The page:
Heat likes this.
  10. mbrijun

    mbrijun New Member

    Since we are talking about proper plumbing - what would be the recommended way of connecting a 20 mm cold water pipe (coming into the house from the mains) to copper? The only thing I could find in Screwfix (and the TS for that matter) is a JG Speedfit MDPE-to-copper adaptor.
     
  11. The Teach

    The Teach Well-Known Member

    only use Philmac mdpe adaptor fittings,never had a problem with them so not going to try any other manufactures :)

    The market is flooded with different transition fitting,there all made to known standards. Take your pick :)
     
  12. teabreak

    teabreak Well-Known Member

    suspect the main problem with brass olives is cost cutting by manufactures if they can save .00001p on a hundred olives by having a cheaper (harder) metal they will and to hell with the customer.
     
    Heat likes this.
  13. mbrijun

    mbrijun New Member

    The crime against plumbing has now been fixed. Will see how my under-/over- tightened compression joins hold. Thank you everyone for your helpful advice.
     
    teabreak likes this.
  14. Heat

    Heat Well-Known Member

    Simple way to always be 100% certain your compression joint is tightened correctly and olive full onto the pipe, - tighten the fitting and then undo the nuts and check the olives are compressed. Then just needs a nip back up.
    Use paste always
     
    The Teach and Joe the Plumber like this.
  15. The Teach

    The Teach Well-Known Member

    As above,do the joint :cool:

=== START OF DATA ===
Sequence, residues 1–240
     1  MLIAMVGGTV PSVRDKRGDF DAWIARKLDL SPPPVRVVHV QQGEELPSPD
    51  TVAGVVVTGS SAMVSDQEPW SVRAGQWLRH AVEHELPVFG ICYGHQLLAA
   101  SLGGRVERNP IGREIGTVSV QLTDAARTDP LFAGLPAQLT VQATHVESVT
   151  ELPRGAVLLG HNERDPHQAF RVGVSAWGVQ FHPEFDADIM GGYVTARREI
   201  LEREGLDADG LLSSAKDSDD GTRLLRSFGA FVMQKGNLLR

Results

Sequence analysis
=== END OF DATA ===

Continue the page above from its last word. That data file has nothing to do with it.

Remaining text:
then undo it and inspect the olive to ensure its been pulled in to the copper pipe. Then reassemble with a small smear of suitable jointing compound to add some more sealing properties between the water tight surfaces.

    Back in the day when copper pipe and their compression fittings were made for our home market here in the Uk. There was no need to add paste or sealant but now some outlets similar to SF sell unbranded pipe fittings.
    Those unbranded fittings need some more fitting consideration and buying unbranded material has no mention of the modern slavery act.

    SF wake up ;)
     
    Heat likes this.
  16. mbrijun

    mbrijun New Member

    @Heat, @the-teach - thank you for the tip. Pre-pressing and inspecting the olive makes sense, as the possibility of it slipping off is always at the back of my mind. Applying jetblue on an already seated olive will also prevent the compound from getting underneath the olive (not sure how big of a problem that really is...).
     
    Heat likes this.
  17. teabreak

    teabreak Well-Known Member

    As said undo the joint and check by sliding the nut a little way up the pipe and then slide back smartly against the olive it it stays put you should be fine.;)
     
    Heat likes this.
  18. mbrijun

    mbrijun New Member

    One more question if I may. What is the correct size of a washer for joining a 1/2 inch male to female? I have purchased a hammer arrestor and a 15mm x 1/2 inch x 15mm tee connector. Like the one shown here: https://images.app.goo.gl/nuHEwBvBxUEqy1W88

    There was no washer in the set. PTFE on the thread was not enough, the joint was weeping. I was able to resolve the problem by putting a sandwich of 2 fibre washers (1/2 inch) followed by a 1/2 inch rubber washer. The fibre washers help keep the rubber washer flat. A single washer was not thick enough, the thread on the female connector is quite long/deep.

    The joint seems to be watertight. But I suspect there must be a more elegant way than sandwiching washers.
     
  19. teabreak

    teabreak Well-Known Member

    A 15mm tap connector washer usually fits but quite thin, however lots of ptfe or locktite 55 would be what I use.
     
  20. The Teach

    The Teach Well-Known Member

    Tbh,using the correct materials is the idea.

    could mention the legal guff but who the flipping hell eck cares :)

    Cheap fixes can evoke many devils.